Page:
Conservative South Carolina Senate debates a gun bill with an uncertain future

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COLUMBIA, S.C. (AP) — The South Carolina Senate started Wednesday a debate on whether anyone who can legally own a gun can carry their weapon in public. But whether the bill has enough votes to pass in this conservative state is uncertain.

Twenty-seven other states allow open carry of guns without a permit, including nearly every one in the Deep South.

But in South Carolina, some conservatives are torn by the weight of a number of law enforcement leaders who want to maintain training for people to carry guns in public and worry about officers arriving at shooting scenes where they might encounter a number of armed people as they try to assess who is a threat and who is trying to help.

Right now, South Carolina requires anyone who wants to carry a handgun openly to get a concealed weapons permit, which requires training in gun safety and firing the weapon. That law passed in 2021. People going hunting or carrying long guns don't need the permit.

The South Carolina House easily passed the bill last year, but supporters have been uncertain if they have the votes in the Senate. If the proposal doesn't pass before the end of session, it has to start from the beginning of the process in 2025.

Sen. Shane Martin has pushed to get a debate and a vote because the Republican from Spartanburg County said South Carolina is keeping them from fully recognizing the right to bear arms in the U.S. Constitution.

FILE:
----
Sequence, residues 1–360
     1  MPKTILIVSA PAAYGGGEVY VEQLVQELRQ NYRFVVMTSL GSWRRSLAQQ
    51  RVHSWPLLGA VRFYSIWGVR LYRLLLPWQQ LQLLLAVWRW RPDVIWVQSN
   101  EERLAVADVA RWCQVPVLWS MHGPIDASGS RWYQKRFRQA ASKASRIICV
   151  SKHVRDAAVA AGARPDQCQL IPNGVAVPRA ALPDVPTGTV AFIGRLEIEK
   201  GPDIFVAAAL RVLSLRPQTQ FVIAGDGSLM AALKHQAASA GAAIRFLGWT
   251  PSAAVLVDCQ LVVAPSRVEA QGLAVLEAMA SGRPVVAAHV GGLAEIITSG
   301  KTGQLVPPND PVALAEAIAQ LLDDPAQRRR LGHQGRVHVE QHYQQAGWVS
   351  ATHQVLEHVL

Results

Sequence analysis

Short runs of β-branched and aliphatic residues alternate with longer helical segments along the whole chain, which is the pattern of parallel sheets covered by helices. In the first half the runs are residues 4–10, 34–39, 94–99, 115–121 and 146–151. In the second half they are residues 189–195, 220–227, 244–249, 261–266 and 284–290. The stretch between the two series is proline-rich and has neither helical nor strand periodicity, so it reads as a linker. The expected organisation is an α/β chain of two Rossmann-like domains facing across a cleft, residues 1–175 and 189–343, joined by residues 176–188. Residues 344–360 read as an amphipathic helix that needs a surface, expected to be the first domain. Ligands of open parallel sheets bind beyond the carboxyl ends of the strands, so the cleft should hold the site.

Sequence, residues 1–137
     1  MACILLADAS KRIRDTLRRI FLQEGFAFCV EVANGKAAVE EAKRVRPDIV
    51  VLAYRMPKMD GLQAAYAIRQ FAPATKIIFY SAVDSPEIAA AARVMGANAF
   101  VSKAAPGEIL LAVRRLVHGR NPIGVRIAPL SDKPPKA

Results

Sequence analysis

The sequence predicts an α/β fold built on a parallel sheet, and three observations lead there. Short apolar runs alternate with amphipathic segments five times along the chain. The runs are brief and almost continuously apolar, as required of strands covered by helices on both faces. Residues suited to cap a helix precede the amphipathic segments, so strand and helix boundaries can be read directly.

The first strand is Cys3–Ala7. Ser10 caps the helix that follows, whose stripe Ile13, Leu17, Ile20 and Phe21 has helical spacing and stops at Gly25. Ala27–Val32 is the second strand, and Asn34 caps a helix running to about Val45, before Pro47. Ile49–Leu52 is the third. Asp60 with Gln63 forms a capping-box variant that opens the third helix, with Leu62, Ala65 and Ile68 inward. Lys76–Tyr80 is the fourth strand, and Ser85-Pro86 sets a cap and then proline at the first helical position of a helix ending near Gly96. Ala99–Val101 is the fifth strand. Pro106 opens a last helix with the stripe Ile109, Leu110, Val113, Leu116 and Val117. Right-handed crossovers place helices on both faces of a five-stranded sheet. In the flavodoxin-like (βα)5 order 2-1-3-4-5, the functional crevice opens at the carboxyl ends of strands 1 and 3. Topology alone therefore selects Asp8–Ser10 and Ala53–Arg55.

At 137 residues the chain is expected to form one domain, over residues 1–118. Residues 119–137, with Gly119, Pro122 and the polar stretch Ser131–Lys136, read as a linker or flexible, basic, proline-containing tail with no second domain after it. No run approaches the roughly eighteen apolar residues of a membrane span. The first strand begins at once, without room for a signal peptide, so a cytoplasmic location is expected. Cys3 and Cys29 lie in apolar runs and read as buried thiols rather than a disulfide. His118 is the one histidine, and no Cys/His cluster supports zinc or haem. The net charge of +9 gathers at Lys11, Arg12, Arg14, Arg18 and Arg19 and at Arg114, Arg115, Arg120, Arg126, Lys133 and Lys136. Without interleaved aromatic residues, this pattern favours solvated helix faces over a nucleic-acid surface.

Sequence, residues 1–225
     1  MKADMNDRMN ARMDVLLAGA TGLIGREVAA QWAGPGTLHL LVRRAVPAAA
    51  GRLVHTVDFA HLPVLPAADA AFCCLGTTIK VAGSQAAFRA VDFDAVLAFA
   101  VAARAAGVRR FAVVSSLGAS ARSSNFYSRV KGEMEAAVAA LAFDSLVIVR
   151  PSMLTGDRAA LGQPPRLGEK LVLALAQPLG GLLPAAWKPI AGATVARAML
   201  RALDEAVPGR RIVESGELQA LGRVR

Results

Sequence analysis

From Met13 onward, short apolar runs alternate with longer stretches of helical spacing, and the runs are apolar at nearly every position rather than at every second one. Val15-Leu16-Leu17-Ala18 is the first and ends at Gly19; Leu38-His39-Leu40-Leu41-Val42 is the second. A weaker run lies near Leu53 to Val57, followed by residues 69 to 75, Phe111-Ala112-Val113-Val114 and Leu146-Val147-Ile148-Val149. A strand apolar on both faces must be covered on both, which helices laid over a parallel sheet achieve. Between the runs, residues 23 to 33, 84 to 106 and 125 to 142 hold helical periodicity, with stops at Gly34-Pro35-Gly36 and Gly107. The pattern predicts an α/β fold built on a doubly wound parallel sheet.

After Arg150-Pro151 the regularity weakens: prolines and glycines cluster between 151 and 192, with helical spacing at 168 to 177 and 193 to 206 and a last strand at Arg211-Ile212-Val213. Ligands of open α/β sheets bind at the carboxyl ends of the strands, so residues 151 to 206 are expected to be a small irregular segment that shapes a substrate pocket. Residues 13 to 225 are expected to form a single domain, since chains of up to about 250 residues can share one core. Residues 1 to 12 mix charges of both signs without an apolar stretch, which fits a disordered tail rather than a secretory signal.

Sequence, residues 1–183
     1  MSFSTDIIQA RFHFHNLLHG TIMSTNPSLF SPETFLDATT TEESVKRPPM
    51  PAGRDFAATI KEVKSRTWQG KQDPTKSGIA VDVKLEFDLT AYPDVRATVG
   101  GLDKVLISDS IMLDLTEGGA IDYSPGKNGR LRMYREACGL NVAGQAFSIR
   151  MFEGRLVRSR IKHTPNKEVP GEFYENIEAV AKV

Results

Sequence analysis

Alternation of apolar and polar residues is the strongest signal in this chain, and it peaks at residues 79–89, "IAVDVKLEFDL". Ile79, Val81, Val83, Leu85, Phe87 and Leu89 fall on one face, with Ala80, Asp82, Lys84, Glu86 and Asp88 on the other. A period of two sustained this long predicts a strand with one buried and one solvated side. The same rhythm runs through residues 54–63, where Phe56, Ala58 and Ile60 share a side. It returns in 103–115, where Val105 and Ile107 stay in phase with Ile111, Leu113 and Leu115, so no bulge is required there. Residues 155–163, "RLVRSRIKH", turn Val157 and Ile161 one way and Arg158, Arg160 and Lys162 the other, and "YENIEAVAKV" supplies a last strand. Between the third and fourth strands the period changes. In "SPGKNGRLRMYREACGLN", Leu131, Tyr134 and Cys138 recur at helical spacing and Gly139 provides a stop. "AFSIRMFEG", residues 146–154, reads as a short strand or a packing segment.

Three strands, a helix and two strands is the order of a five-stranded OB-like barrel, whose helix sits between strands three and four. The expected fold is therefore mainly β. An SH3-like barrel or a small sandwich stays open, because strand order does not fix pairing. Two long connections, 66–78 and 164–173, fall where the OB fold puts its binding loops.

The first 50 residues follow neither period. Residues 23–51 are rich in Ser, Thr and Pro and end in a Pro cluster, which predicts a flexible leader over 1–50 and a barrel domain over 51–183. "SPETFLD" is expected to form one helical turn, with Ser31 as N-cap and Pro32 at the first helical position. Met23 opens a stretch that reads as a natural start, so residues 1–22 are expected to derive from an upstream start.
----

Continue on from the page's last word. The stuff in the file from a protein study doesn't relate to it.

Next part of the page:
“They want the right to exercise their Second Amendment rights without the infringement of the government,” Martin said.

Senate rules mean supporters likely would need more than just a majority to pass the bill. Supporters need 26 of the 46 members to end a filibuster on the proposal. Just five Republicans could join all Democrats to prevent a vote.

No vote was expected on the bill on Wednesday. Some senators warned the debate could go into next week.

Democrats started the debate asking Martin if he would consider changes to the bill to prevent people found mentally ill by a court from owning a gun or strengthen prohibitions on people suspected or convicted of domestic violence from having a pistol. He said he would talk to them.

The bill as written would still restrict people from bringing guns into detention centers, courthouses, polling places, government offices, school athletic events, schools, religious sanctuaries and doctor’s offices, among other locations.

Democratic Sen. Dick Harpootlian, a former prosecutor from Columbia who says he has a concealed weapons permit and sometimes carries a gun for his safety, asked Martin if he is willing to remove the ban on weapons in the Statehouse so people would have the same right to carry weapons as the do in public.

Martin said he thinks the Second Amendment means that is OK.

“Anyone can strap one on and sit up there, Senator from Spartanburg," Harpootlian said, motioning at the Senate gallery. "It will also allow us to strap on one, so if they start firing on us, we can fire back.”

Complicating the debate from both sides is the addition of a proposal that would create a state crime for a felon possessing a weapon, with similar prison time and other punishments as federal law. It is one of Gov. Henry McMaster’s top priorities, with supporters saying it would allow longer prison time for people who are repeat offenders when federal prosecutors don’t want to get involved.

House leaders said they felt that addition would help pass the bill. Others from both sides of the open carry debate have said that idea should be in a separate bill.